Top 10 Things to Do in Pittsburgh in April

The month's best bets in the 'Burgh.

photo courtesy The Illusionists

April 19-24/ An all-you-can-eat buffet of magic and visual trickery travels from Broadway to Heinz Hall in The Illusionists. The show features seven magicians, each an expert in a different field, from deception to escape to weaponry. (600 Penn Ave., Downtown; 412/392-4900,

April 7-10/ If you doubt that Japanese popular culture is an important part of American popular culture, ask the nearest teen to explain the phenomenon: You’ll discover a widespread love of anime, manga and cosplay. The annual Tekko convention is where enthusiasts of these elaborate fantasies come together in Pittsburgh. In addition to a cast of special guests and musicians, the conference (now in its 14th year) includes a fashion show, a cosplay contest, a dance party and some intricately detailed LARPing (live-action role-playing). The four-day event at the David L. Lawrence Convention Center is expected to attract 7,500 people. (1000 Fort Duquesne Blvd., Downtown; 866/767-9708,

April 16/ Multiple Sclerosis fundraiser MuSic for MS is holding a preview concert (and fundraiser) at the New Hazlett Theater for its annual festival in August. Expect performances from national Americana acts River Whyless and Driftwood. (6 Allegheny Square East, North Side;

April 23-24/
Art All Night, the signature overnight artistic event of Lawrenceville, returns for its 19th year with an all-comers-welcome, non-juried, uncensored show that always is free and open to the public. (Arsenal Terminal Building, 3901 Butler St.; 412/235-1950,

April 13/ City of Asylum hosts a reading by the Nigerian writer and Black Mountain Institute fellow Okey Ndibe, whose novel “Foreign Gods, Inc.” follows a New York cab driver’s attempt to steal a war deity from his native Nigeria. (330 Sampsonia Way, North Side; 412/323-0278,

photo courtesy handerson gomes

April 15-16/  In a twist on the live storytelling trend of the moment, Bricolage Production Company combines true (and often funny) stories with a live musical soundtrack in WordPlay. Past performers have included Jessi Klein, Jen Kirkman and Eddie Pepitone. (937 Liberty Ave., first floor, Downtown; 412/471-0999,

April 22/ The Romani culture speaks to the yearnings of all humanity as few others. The idea of an oppressed, passionate, wandering people illuminates the mysterious spirit inside every man and woman. For nearly six decades, Esma Redzepova has given voice to that romanticized portrait. Known as the “Queen of the Gypsies,” the Macedonian singer brought her people’s music to a world stage. Her passion extends beyond music; she fostered 49 children and promoted many humanitarian causes. Her blend of politics and art nicely fits the University of Pittsburgh’s Year of the Humanities, which is hosting what is billed as Redzepova’s final public appearance. (Bellefield Hall, 315 S. Bellefield Ave., Oakland; 412/624-8519,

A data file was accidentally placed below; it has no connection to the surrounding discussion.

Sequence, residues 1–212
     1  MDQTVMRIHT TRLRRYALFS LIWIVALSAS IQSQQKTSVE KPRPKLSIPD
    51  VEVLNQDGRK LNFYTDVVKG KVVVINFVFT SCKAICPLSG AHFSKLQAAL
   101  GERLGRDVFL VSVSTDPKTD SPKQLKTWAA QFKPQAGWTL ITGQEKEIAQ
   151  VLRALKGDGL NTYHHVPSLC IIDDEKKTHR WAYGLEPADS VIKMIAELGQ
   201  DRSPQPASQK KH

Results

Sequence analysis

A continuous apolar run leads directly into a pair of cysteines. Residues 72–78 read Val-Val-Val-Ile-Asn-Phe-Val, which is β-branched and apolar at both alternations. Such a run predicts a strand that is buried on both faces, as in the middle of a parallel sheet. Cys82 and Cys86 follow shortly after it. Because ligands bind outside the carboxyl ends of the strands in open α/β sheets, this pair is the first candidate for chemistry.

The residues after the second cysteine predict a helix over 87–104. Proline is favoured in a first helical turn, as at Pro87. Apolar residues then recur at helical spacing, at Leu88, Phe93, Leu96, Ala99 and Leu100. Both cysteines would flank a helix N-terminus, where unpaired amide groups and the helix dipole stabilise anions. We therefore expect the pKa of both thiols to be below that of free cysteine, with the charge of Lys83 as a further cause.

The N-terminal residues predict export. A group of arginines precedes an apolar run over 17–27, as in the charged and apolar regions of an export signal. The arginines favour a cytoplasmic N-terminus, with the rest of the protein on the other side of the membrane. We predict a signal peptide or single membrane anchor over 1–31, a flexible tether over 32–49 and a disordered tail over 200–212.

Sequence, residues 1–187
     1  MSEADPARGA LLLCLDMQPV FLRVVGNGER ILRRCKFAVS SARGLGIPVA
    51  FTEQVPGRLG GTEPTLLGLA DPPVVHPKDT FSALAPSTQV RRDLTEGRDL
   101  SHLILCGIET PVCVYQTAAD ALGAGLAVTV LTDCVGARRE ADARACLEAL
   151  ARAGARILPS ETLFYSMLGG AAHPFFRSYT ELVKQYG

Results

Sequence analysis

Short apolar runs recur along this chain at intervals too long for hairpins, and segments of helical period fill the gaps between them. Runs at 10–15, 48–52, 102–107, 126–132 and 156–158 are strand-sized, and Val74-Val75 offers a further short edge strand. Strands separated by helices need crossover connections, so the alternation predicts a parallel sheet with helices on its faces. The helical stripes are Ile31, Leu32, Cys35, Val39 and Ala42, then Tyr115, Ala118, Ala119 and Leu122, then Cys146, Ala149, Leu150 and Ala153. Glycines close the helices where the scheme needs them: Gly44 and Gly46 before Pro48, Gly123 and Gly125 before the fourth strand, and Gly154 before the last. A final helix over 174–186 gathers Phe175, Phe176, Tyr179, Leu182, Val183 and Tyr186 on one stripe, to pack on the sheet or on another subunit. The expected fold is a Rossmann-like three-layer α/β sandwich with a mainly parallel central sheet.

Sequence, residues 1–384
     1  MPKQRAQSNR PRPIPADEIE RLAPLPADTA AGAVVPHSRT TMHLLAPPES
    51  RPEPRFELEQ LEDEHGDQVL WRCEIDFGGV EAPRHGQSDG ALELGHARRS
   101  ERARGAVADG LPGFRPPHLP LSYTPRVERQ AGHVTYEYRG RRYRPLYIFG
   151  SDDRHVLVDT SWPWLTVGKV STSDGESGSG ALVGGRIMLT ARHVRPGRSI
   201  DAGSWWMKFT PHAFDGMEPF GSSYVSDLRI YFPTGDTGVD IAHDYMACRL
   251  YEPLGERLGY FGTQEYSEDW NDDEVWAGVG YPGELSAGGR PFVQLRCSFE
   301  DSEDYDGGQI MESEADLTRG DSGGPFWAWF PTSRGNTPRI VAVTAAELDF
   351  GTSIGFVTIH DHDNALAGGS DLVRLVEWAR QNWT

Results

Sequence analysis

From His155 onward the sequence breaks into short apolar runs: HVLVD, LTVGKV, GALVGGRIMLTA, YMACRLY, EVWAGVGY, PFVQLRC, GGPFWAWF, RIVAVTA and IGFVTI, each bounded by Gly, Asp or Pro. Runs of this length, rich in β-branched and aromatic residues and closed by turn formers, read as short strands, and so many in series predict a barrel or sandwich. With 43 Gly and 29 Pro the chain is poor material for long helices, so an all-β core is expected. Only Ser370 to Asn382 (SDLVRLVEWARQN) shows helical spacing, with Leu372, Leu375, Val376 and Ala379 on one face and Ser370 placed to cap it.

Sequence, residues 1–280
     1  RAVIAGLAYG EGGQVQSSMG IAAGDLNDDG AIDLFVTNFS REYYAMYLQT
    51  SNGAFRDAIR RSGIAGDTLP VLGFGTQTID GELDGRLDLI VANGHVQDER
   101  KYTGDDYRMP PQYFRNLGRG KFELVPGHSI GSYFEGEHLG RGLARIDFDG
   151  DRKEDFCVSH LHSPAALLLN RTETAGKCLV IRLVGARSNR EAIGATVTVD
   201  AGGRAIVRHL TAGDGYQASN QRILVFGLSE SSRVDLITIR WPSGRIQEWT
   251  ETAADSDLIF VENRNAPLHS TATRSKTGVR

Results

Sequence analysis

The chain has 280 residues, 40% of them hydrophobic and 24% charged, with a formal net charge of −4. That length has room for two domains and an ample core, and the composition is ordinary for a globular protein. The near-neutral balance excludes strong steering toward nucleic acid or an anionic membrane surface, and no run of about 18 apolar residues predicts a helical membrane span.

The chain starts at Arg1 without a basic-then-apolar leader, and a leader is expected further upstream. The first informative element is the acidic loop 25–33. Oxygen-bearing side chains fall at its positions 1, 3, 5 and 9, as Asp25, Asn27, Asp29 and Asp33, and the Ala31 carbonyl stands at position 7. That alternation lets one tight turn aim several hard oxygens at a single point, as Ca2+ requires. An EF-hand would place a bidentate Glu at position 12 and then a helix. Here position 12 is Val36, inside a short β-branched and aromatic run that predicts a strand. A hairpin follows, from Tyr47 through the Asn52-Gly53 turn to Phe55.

April 16/ Singer-songwriter Suzanne Vega (of “Tom’s Diner” and “Luka” fame) spends an evening at the Carnegie Library Lecture Hall, courtesy of Calliope. Vega’s strong and papery voice has been influencing modern American folk music for decades. (4400 Forbes Ave., Oakland; 412/361-1915,

April 7-24/ The notion of finding creativity within constraints takes on graver meaning when the constraints are provided by an oppressive political regime. The Iranian writer Nassim Soleimanpour was barred from leaving his homeland after becoming a conscientious objector. His creative solution was to create a theatrical production that could easily slip past national boundaries. “White Rabbit, Red Rabbit” requires no director, no set and no rehearsals. Actors receive the script as they approach a live audience. The local troupe 12 Peers Theater is bringing the dark comedy to Pittsburgh with a series of performances in which a new actor will perform the show at each manifestation. A bonus? Every show in 12 Peers’ current season is name-your-own-price. (Pittsburgh Playwrights Theatre, 937 Liberty Ave., third floor (elevator-accessible), Downtown; 412/626-6784,

April 21-24/ Pittsburgh Earth Day: Steel to Sustainable, the second annual citywide celebration, connects old and new Pittsburgh with an “eco-fashion show,” a TEDxPittsburgh brunch, a ball at the Carrie Furnace and more. (various locations;


Categories: Hot Reads, Things To Do